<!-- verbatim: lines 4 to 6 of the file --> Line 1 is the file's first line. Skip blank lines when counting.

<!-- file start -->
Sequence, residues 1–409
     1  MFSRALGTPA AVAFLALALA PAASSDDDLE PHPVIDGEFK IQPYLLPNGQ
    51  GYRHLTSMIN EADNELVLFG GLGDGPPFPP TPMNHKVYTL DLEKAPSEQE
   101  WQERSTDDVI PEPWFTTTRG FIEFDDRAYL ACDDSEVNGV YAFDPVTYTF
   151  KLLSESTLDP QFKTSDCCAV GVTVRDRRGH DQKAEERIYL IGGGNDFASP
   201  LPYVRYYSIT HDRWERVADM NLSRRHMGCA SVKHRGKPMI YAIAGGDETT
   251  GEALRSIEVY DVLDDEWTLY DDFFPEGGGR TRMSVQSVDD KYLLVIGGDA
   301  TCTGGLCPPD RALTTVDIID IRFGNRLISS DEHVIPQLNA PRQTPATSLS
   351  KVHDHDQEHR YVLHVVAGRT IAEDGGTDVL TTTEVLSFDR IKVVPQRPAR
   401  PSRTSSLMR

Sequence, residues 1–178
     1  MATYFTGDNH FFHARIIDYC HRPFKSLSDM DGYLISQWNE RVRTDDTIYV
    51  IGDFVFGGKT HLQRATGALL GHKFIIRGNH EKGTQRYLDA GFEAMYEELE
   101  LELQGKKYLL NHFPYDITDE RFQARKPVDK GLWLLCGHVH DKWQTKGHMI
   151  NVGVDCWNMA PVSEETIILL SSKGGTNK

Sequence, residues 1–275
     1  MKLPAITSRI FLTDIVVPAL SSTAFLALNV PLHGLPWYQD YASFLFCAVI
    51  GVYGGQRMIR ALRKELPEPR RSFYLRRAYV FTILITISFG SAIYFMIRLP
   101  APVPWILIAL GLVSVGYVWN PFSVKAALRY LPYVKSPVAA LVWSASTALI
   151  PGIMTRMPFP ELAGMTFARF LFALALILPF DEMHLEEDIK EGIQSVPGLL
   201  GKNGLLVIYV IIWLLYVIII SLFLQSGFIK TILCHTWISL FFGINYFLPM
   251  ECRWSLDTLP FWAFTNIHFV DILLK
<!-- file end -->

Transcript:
   101  WQERSTDDVI PEPWFTTTRG FIEFDDRAYL ACDDSEVNGV YAFDPVTYTF
   151  KLLSESTLDP QFKTSDCCAV GVTVRDRRGH DQKAEERIYL IGGGNDFASP
   201  LPYVRYYSIT HDRWERVADM NLSRRHMGCA SVKHRGKPMI YAIAGGDETT